It almost seemed like fate that “Breaking Bad” creator Vince Gilligan and star Bryan Cranston teamed up to create one of the greatest dramas in television history.
Long before he starred as Walter White (a.k.a. Heisenberg) on “Breaking Bad,” Bryan Cranston was already making a name for himself as one of the finest actors working in television.
Meanwhile, during the 1990s, Vince Gilligan was an up-and-coming writer working on “The X-Files.”
During an interview on WTF with Marc Maron, Gilligan discussed how the two first met thanks to Fox’s extremely popular sci-fi drama.
Gilligan wrote the sixth season episode “Drive,” in which Bryan Cranston starred as a man on the run from the law.
“I had this part written where Agent Mulder had to be stuck in this car with this crazy guy who’s threatening to kill him. And the part was tricky because he needed to be this real scary, badass guy but at the end of the hour, you had to feel sorry for him when he died,” Gilligan told Maron. “And we had all these scary actors come in who could pull off the scary but they couldn’t pull off the human part where you felt bad for him until … and we were scared we were nervous because it was only a few days before it was gonna start shooting … and this guy Bryan Cranston walks in and there was this weight lifted off of him as soon as he read because he was so good. This was like ’99. And as soon as he walked out the door I said ‘Off to wardrobe.'”
Gilligan’s experience with Cranston was clearly special and unique. While it didn’t directly inspire the idea for “Breaking Bad,” that scene did keep Cranston on Gilligan’s mind.
“I never forgot him,” Gilligan continued. “He was wonderful in this role. And I said even as the shoot was progressing for that episode … and you’ve gotta understand we worked with a lot of great actors on ‘X-Files,’ but I never had that eureka experience of saying, ‘I wanna work with this guy again in the future.'”
A while later, Gilligan re-discovered Cranston thanks to ads for a new show.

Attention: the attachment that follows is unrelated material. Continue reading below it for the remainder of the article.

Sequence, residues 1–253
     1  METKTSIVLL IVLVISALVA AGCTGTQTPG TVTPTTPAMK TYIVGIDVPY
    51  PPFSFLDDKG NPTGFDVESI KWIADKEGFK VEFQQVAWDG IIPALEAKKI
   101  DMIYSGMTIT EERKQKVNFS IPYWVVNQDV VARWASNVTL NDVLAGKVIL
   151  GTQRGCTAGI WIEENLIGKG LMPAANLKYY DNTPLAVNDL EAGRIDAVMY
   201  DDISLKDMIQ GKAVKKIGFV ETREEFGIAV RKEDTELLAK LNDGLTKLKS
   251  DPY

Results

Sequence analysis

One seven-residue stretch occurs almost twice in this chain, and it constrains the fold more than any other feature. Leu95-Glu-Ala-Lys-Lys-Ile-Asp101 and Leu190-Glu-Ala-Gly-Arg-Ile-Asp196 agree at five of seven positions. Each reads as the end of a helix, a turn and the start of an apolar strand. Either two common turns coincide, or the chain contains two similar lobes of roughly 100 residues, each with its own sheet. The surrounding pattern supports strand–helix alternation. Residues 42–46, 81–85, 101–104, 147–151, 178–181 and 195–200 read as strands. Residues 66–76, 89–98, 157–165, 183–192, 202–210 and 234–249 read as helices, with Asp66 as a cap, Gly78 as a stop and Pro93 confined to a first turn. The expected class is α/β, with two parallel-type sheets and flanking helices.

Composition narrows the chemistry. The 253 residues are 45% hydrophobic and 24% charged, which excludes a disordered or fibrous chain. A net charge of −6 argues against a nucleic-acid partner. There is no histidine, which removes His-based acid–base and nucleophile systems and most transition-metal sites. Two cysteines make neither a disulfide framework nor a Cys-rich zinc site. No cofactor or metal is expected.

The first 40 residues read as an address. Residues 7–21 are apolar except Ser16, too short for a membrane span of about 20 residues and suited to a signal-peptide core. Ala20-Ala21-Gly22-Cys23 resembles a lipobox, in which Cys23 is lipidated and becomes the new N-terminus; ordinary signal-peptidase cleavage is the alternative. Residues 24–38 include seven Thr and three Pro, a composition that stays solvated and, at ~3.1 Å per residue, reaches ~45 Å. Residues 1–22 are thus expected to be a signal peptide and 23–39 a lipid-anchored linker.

“And a year and a half later, after this episode airs, I’m seeing commercials on Fox for this new show called ‘Malcolm in the Middle.’ And I see this clean-shaven guy I didn’t recognise and I’m like, ‘That guy looks familiar.’ And then I realised, oh my God! That’s the guy from my ‘Drive’ episode of ‘X-Files.’ And I watched it and I swear my first reaction was ‘I didn’t know he could be funny!’ Because all I knew him as was this dramatic guy … this really intense dramatic guy.” Gilligan said.
Given that “Breaking Bad,” especially in the early episodes, contained a unique balance of humour and drama, this could be a reason Gilligan thought he would be a good fit for his show. With the success of “Malcolm in the Middle,” as well as his memorable stint as Dr. Tim Whatley on “Seinfeld,” he became a comedy actor. Once Gilligan put him in “Breaking Bad,” he went back to being known for dramas.
It turns out, when Gilligan first pitched “Breaking Bad” to AMC with Cranston as the star, the executives were surprised by this choice.
“There was only one actor, as far as I was concerned,” recalled Gilligan. “The folks from AMC … all they knew him from was ‘Malcolm in the Middle.’ And they said, ‘Seriously?’ And to their credit, once I showed them this ‘X-Files’ episode they had the opposite take on him than I had. They said, ‘Wait … this guy can be serious? He can be dramatic? I thought he could be funny.'”
Cranston has proven over and over how versatile of an actor he can be.
“He’s the whole package. He could do it all.” Gilligan said.
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